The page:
Union wants 'justice for janitors'

Office cleaners fight for pay rights
By
|hrreporter.com|Last Updated: 03/31/2008

One of Toronto's four biggest cleaning companies has purposefully misclassified more than one-quarter of its workforce in order to circumvent labour protection laws, claims a North American union.

The Service Employees International Union's (SEIU) Local 2 has filed a complaint against Hallmark Housekeeping Services Inc. with the Ontario Labour Relations Board, alleging rampant employment violations, threats and firings of cleaners and interference with the union process.

In its complaint, the union alleges Hallmark misclassified more than 25 per cent of cleaners as "subcontractors," evading labour protection laws and denying workers their rights.

Hallmark has cleaning contracts at Scotia Plaza, the Rogers Centre, Manulife Financial and other properties owned by Cadillac Fariview.

Several years ago, the SEIU began a move to unionize North American office cleaners in a campaign known as "Justice for Janitors." In Toronto, the union worked to convince the city's four major cleaning companies to agree to a city-wide standard that would stop the decline of cleaners' wages as they bid for competing contracts.

Traditionally, cleaners were organized building by building and by different unions. The SEIU has been pushing for an industry-wide standard, similar to Montreal's city-wide decree that governs all building service contracts equally, which would stop job losses and downward pressure of wages in all Toronto buildings.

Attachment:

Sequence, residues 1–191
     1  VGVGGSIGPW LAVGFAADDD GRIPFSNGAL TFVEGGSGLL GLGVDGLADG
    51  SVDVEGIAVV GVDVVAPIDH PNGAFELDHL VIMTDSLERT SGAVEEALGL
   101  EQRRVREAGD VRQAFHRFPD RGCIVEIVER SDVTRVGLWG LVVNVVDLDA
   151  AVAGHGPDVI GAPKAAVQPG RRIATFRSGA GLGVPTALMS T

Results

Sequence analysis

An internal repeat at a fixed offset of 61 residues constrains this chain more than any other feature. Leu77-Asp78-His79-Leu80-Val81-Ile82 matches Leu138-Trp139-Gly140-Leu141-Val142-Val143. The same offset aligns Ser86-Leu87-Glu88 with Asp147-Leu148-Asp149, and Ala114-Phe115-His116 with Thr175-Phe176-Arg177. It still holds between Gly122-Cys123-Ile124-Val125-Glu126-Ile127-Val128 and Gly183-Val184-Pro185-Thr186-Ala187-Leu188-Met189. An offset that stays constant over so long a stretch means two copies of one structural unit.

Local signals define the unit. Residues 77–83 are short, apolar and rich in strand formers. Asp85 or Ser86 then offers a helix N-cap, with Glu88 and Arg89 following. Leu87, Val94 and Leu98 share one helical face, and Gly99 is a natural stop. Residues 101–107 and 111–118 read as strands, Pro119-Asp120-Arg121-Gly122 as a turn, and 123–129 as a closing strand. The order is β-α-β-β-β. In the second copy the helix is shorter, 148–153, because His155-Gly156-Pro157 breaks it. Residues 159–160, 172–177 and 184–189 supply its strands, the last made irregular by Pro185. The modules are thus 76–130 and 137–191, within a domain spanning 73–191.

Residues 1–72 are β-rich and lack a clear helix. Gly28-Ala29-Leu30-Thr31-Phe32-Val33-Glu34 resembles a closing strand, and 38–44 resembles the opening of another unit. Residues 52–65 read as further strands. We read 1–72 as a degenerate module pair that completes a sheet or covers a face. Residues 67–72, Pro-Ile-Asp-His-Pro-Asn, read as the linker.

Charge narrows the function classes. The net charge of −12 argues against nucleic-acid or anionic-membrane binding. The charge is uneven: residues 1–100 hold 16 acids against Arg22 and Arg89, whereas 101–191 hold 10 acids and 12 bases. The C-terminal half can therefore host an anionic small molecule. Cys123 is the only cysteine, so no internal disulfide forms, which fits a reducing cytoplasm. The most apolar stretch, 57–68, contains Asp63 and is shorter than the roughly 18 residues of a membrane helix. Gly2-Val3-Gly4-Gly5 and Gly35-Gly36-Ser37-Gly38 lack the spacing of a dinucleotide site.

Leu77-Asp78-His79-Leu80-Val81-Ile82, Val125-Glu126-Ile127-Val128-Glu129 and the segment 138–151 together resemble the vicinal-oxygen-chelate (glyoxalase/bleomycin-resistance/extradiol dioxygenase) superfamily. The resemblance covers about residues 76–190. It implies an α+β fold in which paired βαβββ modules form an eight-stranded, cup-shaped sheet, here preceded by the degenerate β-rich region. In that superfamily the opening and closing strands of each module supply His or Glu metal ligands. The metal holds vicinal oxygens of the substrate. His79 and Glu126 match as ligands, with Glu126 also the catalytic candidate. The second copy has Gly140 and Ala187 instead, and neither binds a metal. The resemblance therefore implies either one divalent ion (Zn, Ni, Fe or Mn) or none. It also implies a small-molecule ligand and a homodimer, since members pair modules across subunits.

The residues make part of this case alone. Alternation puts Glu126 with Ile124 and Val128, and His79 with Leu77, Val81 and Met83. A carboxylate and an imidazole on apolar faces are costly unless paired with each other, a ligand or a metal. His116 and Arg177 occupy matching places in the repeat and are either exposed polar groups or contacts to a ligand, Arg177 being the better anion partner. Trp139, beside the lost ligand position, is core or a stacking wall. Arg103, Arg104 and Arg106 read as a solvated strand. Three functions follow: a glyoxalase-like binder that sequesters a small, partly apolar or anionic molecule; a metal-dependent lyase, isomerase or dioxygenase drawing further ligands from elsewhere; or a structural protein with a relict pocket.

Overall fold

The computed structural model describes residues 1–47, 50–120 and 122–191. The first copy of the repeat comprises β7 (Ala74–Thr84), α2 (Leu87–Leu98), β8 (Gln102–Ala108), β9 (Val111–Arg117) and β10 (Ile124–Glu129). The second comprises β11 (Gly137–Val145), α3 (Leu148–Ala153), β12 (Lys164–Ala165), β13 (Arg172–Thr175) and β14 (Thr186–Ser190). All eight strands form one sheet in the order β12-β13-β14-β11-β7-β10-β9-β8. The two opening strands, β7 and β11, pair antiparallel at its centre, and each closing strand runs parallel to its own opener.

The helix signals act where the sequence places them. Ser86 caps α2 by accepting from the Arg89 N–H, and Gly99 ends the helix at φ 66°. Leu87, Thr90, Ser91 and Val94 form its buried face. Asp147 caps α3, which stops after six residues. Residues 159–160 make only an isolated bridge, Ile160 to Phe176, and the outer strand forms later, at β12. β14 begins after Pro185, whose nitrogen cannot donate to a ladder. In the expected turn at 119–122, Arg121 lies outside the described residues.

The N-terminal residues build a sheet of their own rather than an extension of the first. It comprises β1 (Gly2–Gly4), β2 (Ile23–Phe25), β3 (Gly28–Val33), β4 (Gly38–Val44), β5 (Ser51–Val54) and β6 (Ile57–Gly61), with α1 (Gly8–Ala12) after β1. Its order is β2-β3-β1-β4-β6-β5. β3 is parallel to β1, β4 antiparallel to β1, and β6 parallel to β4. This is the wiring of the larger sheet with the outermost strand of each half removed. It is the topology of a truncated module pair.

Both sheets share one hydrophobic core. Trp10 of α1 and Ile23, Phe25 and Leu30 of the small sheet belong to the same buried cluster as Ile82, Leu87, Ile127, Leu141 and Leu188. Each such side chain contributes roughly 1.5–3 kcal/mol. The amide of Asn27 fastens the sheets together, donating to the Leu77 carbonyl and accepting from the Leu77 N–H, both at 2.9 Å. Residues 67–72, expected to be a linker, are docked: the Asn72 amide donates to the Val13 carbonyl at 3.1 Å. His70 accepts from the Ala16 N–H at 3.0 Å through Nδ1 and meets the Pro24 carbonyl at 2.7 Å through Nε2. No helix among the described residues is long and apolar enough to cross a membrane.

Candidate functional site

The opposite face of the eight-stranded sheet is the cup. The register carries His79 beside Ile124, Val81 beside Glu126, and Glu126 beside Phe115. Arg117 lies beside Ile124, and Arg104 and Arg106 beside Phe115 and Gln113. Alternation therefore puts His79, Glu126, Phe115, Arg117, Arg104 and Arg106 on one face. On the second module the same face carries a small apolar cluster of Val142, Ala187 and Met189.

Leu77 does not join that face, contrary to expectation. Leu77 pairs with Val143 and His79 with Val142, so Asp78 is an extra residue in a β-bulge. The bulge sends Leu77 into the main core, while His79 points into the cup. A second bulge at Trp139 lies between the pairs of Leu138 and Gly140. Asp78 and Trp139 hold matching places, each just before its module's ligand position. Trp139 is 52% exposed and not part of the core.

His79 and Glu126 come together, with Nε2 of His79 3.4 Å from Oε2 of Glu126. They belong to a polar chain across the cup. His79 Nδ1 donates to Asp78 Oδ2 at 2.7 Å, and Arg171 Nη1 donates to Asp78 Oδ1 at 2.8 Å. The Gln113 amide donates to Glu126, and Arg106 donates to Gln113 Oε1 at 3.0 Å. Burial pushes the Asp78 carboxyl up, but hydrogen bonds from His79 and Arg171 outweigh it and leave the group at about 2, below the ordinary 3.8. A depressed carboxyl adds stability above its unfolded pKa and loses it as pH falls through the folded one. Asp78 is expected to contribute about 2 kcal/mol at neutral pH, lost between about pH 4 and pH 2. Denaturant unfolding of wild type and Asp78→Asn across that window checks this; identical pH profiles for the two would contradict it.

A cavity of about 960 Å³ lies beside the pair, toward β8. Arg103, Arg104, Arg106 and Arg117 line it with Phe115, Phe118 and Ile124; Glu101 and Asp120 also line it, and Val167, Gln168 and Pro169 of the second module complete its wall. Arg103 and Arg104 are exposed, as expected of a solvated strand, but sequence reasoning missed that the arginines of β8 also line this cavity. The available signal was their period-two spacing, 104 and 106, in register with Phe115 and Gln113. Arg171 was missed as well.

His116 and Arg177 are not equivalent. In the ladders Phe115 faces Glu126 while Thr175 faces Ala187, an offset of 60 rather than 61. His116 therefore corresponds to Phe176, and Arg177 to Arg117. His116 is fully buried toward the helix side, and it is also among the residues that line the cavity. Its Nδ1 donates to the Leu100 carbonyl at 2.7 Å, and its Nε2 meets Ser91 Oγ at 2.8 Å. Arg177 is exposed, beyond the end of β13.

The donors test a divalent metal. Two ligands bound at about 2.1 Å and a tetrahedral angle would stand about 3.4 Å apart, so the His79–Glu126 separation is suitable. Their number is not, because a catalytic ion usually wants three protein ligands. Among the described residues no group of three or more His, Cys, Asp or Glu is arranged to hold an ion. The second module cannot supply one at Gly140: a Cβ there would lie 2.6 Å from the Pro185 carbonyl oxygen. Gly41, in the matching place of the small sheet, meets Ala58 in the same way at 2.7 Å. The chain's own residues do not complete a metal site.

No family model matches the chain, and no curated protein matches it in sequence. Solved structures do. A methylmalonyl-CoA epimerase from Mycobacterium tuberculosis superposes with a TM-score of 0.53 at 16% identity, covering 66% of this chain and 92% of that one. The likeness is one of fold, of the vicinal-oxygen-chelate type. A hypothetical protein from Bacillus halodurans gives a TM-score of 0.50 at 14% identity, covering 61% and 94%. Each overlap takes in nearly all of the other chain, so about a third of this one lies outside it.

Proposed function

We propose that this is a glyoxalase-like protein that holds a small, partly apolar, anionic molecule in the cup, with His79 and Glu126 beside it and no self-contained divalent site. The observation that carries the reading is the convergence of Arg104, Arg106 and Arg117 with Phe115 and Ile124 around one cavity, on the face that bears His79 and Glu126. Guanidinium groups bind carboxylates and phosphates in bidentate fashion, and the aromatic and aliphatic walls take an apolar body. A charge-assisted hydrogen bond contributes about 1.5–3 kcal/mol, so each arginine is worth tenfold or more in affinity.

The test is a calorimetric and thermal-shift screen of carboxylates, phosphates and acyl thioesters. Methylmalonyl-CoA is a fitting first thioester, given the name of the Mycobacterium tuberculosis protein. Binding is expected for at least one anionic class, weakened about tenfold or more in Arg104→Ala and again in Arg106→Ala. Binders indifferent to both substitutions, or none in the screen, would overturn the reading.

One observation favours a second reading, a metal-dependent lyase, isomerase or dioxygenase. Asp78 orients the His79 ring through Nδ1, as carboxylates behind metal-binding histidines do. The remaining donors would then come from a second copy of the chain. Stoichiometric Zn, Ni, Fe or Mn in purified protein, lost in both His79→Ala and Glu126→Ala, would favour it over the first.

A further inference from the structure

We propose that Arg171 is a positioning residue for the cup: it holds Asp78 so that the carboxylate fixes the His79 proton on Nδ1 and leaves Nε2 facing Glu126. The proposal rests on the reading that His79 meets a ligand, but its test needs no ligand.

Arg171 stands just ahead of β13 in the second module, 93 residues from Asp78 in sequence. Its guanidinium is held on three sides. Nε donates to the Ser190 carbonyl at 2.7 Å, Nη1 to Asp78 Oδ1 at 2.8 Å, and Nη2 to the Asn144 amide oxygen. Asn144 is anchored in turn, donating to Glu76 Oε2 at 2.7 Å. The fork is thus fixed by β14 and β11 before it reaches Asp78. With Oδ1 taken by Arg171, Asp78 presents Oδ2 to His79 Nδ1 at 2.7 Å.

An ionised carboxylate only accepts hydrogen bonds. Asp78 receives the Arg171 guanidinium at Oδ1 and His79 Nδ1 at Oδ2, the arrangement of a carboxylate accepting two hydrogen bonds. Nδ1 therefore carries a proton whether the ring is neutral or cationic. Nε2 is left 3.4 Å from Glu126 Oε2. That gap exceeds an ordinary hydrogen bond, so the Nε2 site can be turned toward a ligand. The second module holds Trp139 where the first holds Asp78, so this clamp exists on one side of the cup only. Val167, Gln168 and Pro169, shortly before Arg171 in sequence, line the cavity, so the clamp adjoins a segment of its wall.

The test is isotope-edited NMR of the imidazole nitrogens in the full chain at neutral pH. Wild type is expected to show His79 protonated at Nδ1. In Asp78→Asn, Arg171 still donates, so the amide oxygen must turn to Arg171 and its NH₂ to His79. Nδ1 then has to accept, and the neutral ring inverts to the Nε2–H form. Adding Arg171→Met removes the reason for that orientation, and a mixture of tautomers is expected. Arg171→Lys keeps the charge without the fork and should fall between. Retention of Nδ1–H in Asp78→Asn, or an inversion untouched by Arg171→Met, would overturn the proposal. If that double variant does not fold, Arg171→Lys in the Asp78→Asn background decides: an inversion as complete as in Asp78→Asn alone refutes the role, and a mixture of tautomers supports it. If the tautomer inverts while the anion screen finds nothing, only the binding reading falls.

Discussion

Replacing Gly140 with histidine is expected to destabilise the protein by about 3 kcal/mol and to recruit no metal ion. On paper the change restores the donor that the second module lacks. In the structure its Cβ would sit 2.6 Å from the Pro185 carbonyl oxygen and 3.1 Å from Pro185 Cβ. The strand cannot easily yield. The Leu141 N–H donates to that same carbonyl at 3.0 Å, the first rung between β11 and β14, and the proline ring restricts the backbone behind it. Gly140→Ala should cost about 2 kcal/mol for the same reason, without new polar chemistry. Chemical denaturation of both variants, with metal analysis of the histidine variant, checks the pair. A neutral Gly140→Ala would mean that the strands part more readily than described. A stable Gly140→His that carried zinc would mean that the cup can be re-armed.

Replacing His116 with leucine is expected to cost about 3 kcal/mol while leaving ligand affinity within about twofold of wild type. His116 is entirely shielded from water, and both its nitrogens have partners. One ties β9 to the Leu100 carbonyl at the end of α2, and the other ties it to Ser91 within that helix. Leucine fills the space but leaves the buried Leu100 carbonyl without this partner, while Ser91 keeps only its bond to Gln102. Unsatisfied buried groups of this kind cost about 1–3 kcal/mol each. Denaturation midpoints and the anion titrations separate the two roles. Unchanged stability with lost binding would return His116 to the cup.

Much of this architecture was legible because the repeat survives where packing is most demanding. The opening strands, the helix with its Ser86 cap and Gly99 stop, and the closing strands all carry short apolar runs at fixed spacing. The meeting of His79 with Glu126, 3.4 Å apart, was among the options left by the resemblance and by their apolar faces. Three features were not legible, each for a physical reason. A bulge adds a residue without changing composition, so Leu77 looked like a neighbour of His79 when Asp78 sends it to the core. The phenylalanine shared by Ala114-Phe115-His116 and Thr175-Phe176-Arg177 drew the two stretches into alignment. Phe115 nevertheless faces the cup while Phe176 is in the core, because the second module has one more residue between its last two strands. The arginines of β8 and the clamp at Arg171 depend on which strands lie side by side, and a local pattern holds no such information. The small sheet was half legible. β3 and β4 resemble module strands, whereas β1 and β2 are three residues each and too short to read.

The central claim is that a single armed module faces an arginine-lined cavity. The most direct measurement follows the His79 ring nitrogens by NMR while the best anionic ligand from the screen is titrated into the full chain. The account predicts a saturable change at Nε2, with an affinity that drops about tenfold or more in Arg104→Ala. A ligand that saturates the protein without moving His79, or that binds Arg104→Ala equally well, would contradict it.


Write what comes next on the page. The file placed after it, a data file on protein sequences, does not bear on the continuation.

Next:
In Montreal, office cleaners earn $13.90 to $14.80 an hour, plus benefits and sick leave. In Toronto, most workers earn about $8 an hour and unionized workers earn $9 to $12 an hour, but cleaners classified as "subcontractors" can earn much less than that.

Two of Toronto's big four cleaning companies, Hurley and Unicco, signed city-wide agreements last year, while the Labourers' International Union of North America unionized cleaners at Omni.

The Justice for Janitors campaign has seen considerable success in the United States, in part due to unions lobbying potentially sympathetic building owners to pressure cleaning contractors to let workers to unionize.

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